BOULDER – Climate change is not just a phenomenon disrupting our physical world; It is a problem with far-reaching human implications, often affecting those most least responsible for its causes.
Governments, powerful institutions, and corporations around the world are reluctant to make the connection between human rights and climate change, said Center for International Environmental Law President Emeritus Dan Magraw, which is why he and other advocates are gathering this week at the University of Colorado for the “Right Here, Right Now United Nations Global Climate Summit.
“If we are not visible, our needs will not be put on the table,” said Edna Kaptoyo, social development specialist and indigenous rights advocate at the Pawanka Fund in Kenya.
Visibility is particularly elusive for the poor, women, people with disabilities and members of other marginalized groups around the world, panellists said Thursday during a discussion titled Understanding climate change as a human rights issue.
Take women in Africa, for example, Kaptoyo said. “Women play an important role in providing food to the community … and as climate change impacts food production, it places a greater burden on women.”
Compared to citizens of long-industrialised nations, “those who have contributed the least continue to suffer the consequences,” she said.
Astrid Puentes Riaño, a Colombian lawyer and board member of International Rivers, pointed to the Central American nation of Honduras as an example of the intersectionality of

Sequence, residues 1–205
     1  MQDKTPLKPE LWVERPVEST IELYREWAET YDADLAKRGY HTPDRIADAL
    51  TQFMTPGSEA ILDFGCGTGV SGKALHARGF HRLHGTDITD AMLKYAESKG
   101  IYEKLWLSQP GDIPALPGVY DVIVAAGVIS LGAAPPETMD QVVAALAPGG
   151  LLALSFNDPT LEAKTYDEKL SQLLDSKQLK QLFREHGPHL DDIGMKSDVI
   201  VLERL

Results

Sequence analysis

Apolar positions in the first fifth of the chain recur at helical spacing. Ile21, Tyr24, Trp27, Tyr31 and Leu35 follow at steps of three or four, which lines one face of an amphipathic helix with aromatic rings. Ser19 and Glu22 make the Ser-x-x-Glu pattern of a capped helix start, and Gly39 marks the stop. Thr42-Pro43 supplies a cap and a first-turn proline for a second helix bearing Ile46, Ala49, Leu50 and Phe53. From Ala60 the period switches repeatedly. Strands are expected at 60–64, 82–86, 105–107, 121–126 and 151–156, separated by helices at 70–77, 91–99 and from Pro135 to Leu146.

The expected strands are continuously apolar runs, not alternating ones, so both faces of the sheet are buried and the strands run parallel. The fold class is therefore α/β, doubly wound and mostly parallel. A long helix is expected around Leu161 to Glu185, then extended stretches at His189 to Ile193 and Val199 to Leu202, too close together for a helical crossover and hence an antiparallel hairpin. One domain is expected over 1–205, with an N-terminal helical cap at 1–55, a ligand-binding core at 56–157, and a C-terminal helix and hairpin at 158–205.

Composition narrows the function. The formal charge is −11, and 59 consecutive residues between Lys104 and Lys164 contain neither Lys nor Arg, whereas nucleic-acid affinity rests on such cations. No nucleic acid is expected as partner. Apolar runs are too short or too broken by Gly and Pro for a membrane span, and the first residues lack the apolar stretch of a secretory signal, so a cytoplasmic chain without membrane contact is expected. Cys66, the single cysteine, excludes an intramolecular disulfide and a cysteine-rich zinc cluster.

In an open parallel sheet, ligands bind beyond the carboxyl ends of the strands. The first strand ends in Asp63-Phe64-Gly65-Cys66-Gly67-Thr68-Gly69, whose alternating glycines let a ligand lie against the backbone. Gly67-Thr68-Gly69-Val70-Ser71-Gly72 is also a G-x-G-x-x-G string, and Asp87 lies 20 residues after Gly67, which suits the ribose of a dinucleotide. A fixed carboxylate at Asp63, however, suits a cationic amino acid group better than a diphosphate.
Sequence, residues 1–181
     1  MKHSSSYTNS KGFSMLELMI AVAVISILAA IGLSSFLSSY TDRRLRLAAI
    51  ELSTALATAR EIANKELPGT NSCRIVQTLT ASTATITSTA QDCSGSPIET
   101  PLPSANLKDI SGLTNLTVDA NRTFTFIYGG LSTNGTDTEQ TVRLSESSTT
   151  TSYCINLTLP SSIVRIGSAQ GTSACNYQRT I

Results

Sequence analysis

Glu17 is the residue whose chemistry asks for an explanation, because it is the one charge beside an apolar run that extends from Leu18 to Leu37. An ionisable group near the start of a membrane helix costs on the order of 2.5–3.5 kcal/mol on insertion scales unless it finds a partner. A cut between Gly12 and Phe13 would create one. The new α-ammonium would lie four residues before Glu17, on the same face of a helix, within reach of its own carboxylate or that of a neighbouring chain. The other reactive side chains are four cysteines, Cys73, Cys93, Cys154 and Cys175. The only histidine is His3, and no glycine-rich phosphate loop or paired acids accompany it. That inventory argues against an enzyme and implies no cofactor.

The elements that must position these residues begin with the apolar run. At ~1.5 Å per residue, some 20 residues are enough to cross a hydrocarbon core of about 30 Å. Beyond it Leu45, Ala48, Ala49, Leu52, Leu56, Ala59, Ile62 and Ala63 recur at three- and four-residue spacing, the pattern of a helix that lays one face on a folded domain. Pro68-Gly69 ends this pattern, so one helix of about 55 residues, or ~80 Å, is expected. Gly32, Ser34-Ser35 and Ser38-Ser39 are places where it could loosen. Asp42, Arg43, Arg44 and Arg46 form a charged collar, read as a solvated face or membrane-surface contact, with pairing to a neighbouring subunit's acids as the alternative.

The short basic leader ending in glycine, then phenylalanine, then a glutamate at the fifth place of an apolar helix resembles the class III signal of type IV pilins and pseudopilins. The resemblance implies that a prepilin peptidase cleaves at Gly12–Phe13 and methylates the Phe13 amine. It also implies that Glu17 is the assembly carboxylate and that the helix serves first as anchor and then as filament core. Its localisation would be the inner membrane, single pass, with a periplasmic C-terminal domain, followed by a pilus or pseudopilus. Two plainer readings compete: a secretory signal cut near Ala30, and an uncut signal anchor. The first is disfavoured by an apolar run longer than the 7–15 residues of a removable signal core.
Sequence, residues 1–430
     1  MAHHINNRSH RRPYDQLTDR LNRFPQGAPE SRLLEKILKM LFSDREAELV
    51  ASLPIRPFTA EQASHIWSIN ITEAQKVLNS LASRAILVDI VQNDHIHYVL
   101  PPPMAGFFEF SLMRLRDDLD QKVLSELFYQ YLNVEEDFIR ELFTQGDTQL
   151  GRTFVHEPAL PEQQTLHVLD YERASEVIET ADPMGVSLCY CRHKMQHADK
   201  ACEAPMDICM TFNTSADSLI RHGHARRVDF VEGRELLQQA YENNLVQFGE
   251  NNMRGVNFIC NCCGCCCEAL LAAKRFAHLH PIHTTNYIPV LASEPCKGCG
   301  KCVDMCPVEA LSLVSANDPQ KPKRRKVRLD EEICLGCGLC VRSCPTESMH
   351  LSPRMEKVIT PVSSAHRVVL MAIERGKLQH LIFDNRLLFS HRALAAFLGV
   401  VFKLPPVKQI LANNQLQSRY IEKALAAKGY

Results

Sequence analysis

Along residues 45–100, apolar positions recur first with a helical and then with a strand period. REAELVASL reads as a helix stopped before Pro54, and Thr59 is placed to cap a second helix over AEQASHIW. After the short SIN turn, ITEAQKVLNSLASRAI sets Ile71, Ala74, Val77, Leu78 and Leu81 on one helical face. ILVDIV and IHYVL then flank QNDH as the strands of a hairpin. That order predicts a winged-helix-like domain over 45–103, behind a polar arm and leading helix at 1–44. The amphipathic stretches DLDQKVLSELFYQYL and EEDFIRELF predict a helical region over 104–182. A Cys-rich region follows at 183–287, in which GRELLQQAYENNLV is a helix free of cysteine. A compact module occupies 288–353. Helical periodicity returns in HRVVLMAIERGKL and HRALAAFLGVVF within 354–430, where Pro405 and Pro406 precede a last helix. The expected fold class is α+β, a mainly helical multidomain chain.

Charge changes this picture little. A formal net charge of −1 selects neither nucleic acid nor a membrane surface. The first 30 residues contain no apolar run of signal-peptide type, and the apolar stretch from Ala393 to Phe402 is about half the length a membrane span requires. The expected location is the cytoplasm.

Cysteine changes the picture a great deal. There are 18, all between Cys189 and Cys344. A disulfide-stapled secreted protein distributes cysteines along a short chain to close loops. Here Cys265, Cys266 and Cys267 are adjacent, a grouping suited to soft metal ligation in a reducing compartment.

climate and human rights. Climate change brings with it fires and crop losses, leading to a dependency on the illicit drug economy that funds corrupt and authoritarian systems of government that cause residents to flee, leading migrant caravans to head towards the United States.
“It’s not the same if you’re a wealthy person in Boulder who’s impacted by the climate than if you’re a 14-year-old girl migrating from Honduras,” Puentes Riaño said.
For people like this hypothetical Honduran girl, climate change isn’t some vague threat brewing around the corner.
“The reality is that for many communities…climate change is already here,” said Kera Sherwood-O’Regan, co-founder of New Zealand’s Activate Agency LTD.
“Climate change is caused by the very same systems that create injustice,” such as poverty and exploitation,” she said. “Capitalism supports and produces climate change.”
Part of the purpose of the UN Boulder event is to better understand how these systems work and enforce hierarchies that exacerbate the adverse effects of climate change and strengthen the institutions needed to combat the intersection problem.
“Civil society is extremely important in environmental protection,” Magraw said.